One of ICANN’s Governmental Advisory Committee’s ongoing inexplicable obsessions is that the introduction of new top-level domains risks toppling the internet.
One or more GAC members have raised the topic of DNS root zone scalability at pretty much every meeting the GAC has had with ICANN’s board of directors for the last couple of years.
It’s the reason why ICANN has committed to delegate no more than 1,000 new gTLDs – a fairly arbitrarily chosen number – to the root per year.
I’m not entirely sure where the GAC’s concerns originated, but they’ve been dismissed as red herrings on multiple occasions by ICANN and third-party technical experts.
And now ICANN has published yet another report – this one written by its own IANA staff – making the point that the risk to root stability is query volume, not database size.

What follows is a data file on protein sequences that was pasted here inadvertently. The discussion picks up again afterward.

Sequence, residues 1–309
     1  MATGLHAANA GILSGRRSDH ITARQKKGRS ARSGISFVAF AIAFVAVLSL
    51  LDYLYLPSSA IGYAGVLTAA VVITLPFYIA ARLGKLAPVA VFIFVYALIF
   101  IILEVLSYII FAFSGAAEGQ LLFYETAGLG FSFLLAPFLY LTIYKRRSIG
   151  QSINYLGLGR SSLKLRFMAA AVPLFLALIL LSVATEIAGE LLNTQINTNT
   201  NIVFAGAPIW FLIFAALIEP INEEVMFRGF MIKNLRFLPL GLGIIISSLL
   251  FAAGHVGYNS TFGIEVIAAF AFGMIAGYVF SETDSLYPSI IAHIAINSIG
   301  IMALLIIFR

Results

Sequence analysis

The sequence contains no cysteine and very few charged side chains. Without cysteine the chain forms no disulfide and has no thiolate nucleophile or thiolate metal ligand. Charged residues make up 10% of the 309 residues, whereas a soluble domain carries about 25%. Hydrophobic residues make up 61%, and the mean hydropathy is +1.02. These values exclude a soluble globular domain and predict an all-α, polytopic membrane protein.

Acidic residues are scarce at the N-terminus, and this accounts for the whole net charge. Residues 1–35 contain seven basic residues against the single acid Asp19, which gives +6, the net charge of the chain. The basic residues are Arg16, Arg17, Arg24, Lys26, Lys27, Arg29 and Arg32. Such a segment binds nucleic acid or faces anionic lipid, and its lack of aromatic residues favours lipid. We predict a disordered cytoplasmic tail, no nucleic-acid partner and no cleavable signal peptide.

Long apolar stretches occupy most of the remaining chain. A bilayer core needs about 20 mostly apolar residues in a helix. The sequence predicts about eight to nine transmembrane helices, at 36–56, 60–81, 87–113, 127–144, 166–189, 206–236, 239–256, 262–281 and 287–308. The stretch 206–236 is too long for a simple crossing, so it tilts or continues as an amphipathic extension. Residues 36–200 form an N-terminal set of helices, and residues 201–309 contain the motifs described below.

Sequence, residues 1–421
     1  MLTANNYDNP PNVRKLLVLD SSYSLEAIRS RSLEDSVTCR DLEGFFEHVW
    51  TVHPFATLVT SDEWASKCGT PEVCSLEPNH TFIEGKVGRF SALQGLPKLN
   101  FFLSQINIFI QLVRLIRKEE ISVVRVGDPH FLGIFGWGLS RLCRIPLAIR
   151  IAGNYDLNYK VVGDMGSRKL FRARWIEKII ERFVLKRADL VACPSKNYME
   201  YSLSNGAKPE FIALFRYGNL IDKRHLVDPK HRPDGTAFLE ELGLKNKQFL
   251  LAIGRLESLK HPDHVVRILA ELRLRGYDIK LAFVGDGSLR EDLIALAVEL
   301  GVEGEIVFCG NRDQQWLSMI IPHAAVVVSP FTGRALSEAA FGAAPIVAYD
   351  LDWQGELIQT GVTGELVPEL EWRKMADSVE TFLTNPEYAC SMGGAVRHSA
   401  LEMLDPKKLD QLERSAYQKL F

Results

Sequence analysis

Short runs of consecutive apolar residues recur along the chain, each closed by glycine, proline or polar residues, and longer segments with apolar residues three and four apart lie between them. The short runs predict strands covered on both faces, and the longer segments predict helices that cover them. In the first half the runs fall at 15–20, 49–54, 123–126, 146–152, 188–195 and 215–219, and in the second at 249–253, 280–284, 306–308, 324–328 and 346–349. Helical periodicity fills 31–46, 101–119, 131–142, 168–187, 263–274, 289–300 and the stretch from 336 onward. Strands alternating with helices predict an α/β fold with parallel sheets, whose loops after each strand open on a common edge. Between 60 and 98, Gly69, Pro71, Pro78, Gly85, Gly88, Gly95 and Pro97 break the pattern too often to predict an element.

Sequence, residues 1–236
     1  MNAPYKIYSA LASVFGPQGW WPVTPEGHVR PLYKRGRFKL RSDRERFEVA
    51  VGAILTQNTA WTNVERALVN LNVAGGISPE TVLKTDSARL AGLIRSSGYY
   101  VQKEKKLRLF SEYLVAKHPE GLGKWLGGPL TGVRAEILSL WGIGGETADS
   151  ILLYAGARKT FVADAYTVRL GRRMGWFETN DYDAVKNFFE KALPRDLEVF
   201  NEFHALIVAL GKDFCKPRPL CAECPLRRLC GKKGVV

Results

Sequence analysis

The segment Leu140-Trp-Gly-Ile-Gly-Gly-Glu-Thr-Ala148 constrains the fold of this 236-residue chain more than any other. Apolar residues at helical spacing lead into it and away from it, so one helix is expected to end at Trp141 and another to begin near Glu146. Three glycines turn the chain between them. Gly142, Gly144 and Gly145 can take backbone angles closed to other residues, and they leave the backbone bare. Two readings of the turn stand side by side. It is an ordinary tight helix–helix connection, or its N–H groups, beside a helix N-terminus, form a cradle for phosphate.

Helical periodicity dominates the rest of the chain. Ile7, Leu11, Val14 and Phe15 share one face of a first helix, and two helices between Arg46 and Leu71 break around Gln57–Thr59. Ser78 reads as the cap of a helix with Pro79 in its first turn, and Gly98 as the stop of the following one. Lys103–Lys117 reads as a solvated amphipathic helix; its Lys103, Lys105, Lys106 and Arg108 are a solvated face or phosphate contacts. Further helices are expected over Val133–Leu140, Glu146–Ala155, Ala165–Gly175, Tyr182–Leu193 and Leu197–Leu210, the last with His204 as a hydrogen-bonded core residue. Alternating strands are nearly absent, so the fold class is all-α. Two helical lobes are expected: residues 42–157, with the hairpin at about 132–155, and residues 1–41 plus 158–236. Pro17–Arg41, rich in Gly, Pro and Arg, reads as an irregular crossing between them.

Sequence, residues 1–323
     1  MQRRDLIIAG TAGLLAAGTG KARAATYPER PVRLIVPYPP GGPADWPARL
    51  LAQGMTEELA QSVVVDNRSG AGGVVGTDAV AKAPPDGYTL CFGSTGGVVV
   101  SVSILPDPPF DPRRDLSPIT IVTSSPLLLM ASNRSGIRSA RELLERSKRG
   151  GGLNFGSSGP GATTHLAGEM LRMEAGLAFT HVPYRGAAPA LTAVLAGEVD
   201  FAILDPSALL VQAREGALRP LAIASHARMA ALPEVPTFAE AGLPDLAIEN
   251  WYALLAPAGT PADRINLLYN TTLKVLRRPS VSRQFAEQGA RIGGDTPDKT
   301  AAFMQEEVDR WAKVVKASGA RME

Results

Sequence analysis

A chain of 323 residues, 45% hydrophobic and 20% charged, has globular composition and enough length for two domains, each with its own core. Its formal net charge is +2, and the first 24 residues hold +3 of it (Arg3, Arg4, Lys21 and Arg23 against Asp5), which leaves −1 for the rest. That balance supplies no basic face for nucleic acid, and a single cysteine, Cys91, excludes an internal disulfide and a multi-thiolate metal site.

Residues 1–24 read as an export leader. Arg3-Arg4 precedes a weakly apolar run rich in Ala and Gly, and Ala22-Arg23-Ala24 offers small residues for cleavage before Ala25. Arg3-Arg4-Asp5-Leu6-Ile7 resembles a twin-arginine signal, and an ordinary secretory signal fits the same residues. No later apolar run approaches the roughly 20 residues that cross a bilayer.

Here’s the gist:
Having twice as many TLDs does not mean that the average Internet user visits twice as many web pages, or writes twice as many emails. Rather, Internet usage is driven by growth in overall Internet adoption. Having more TLDs available does not directly incur increased usage of the DNS; rather it will exchange a subset of their query load from existing TLDs to new TLDs.
You can download the full report here.